There are many risks in establishing your own business, says Bruce, and one of the first challenges stems from the need to expand beyond a one-man operation. ‘There’s a certain comfort in doing all the work and seeing all the cash in the business as yours, but it puts a fairly low ceiling on the business’s prospects and potential income.

‘The decision to expand and hire your first employee is both a big decision in itself and important as to the individual you select. It’s the biggest single decision most entrepreneurs have to make – and one that most don’t make early enough. You need to scale up a business to release resources at the top. That process never really ends – whatever you’re currently doing, you have to continually ask yourself: “Could this be done down the line?” ‘


‘In a small business each hire, but especially your first, has to be somebody you can trust, someone with the same objectives as you. You can’t have 9–5 people, but rather someone who will do whatever is necessary. My philosophy is to hire people with passion and who preferably know what they’re doing, and then pay well to get them.’

He believes that with ‘good hires’ many issues regarding values such as integrity and ethical behaviour become resolved. ‘Because we’re in a phase of building momentum to grow the business, we are aware of the need to always deliver value for money and will not bill any client if he’s dissatisfied. We want repeat business, not one-offs,’ explains Bruce.

The senior leadership team, and a large portion of the other 22 staff and some part-timers, are CAs(SA), making for a particularly strong leadership team, says Bruce. A big challenge for him in the early days of the business was surrendering authority, but having taken that step a large part of his role is empowering others and driving responsibility down the organisation (made a bit easier by the fact it’s an especially flat structure). His fellow partners are each owners in the business.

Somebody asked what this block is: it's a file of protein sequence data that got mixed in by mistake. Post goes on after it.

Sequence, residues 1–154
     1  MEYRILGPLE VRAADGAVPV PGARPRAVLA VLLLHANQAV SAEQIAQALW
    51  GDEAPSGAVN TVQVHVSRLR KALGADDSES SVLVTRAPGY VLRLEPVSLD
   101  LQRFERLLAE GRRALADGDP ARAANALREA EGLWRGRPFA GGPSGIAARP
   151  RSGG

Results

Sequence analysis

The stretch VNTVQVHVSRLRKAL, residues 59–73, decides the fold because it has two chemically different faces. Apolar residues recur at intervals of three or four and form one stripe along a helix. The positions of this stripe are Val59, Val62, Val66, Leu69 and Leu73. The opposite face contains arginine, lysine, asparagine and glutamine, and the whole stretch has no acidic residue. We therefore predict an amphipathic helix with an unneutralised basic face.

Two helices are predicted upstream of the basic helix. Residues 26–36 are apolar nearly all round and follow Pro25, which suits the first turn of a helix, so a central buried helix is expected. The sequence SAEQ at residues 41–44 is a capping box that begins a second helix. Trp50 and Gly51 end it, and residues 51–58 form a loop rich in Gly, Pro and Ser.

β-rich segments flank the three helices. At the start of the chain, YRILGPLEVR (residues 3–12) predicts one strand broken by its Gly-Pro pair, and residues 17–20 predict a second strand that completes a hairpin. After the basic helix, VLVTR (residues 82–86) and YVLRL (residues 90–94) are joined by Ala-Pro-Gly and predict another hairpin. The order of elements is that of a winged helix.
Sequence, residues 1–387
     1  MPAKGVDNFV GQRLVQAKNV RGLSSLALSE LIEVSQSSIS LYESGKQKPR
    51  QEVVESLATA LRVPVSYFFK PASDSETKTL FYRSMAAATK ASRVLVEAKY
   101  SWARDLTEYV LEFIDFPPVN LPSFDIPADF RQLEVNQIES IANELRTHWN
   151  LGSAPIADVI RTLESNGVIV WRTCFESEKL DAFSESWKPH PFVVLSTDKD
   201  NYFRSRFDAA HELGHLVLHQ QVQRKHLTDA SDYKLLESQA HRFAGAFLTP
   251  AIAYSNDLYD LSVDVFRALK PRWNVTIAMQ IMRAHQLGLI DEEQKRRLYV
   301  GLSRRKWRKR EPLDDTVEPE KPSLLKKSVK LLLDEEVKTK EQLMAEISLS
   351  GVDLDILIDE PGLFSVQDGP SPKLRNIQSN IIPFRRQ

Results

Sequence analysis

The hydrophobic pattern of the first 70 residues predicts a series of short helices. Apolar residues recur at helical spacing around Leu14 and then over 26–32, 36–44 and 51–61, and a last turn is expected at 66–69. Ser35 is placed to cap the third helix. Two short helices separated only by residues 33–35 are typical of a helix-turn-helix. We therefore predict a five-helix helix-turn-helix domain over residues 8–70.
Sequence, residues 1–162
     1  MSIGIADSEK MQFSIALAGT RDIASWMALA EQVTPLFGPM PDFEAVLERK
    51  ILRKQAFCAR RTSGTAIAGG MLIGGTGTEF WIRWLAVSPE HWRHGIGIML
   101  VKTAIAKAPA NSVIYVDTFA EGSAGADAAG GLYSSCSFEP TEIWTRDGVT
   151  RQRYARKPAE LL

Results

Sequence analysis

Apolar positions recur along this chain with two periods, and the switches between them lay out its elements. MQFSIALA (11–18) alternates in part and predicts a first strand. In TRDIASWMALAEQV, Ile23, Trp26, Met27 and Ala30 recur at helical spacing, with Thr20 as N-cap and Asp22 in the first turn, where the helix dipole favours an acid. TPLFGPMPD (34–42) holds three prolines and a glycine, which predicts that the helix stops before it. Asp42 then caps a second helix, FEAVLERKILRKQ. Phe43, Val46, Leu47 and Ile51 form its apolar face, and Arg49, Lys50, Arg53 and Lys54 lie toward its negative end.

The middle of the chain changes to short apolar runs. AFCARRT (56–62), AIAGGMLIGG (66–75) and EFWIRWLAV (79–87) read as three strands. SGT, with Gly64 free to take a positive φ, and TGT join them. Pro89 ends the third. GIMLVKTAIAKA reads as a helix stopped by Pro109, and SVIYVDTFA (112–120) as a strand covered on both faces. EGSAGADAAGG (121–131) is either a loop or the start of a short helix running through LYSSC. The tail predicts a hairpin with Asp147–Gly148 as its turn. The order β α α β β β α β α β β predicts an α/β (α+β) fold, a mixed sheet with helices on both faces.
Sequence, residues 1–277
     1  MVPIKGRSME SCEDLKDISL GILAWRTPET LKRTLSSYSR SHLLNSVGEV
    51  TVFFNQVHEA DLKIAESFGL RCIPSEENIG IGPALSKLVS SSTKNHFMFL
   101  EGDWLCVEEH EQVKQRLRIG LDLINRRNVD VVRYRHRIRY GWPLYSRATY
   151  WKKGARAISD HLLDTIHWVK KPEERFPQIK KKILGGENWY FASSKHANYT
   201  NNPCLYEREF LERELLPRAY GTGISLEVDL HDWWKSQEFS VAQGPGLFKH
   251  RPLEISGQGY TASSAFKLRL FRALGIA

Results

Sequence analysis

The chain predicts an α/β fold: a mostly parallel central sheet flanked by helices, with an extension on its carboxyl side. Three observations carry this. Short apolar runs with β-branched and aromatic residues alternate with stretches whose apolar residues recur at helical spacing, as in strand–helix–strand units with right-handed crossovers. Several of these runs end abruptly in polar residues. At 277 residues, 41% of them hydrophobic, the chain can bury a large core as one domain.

‘We encourage all staff to innovate and share ideas, and the flat structure facilitates this. We realise we have to be the best at what we do, which is advising large corporates, such as JSE-listed companies and banks, so we make a substantial investment in learning, as well as sharing that learning. As a management team, we spend a lot of time on various SAICA committees.’

Bruce himself has been appointed to the IFRS Interpretations Committee, an international honour which he describes as ‘the highlight of my career’ and an endorsement of the business’ achievements.

With a flat structure and high-quality team, mentoring is in one sense all important and in another unnecessary. ‘It tends to happen informally as a function of our open-door policy, and all the time. It’s in every conversation, even with the tea lady.’

As CEO, Bruce is the focal point of expanding the business. In the last two years he’s opened an office in Mauritius and a ‘virtual’ office in London (despite a staffed office, the bulk of the work is done digitally by staff based elsewhere). ‘International work is important to us, because it’s the same amount of work as if it were local, and the exchange rate makes it more meaningful to our bottom line.’

Having surrounded himself with top accounting brains, Bruce’s management style is inevitably a consultative one, ‘or why have them?’ He endorses the often-expressed entrepreneurial philosophy of never being the brightest person in the room. The culture means the business is wired for quick decision-making — quick, but not reckless, because a wrong decision will hit their individual pockets dearly.